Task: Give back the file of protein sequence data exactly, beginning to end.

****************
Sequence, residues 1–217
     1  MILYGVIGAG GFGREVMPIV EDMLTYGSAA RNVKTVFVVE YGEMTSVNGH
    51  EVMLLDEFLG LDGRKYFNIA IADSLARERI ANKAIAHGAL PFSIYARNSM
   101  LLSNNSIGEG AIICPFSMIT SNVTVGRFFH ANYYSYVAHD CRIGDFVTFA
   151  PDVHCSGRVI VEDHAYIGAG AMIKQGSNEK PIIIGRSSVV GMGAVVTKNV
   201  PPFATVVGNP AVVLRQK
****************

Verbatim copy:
Sequence, residues 1–217
     1  MILYGVIGAG GFGREVMPIV EDMLTYGSAA RNVKTVFVVE YGEMTSVNGH
    51  EVMLLDEFLG LDGRKYFNIA IADSLARERI ANKAIAHGAL PFSIYARNSM
   101  LLSNNSIGEG AIICPFSMIT SNVTVGRFFH ANYYSYVAHD CRIGDFVTFA
   151  PDVHCSGRVI VEDHAYIGAG AMIKQGSNEK PIIIGRSSVV GMGAVVTKNV
   201  PPFATVVGNP AVVLRQK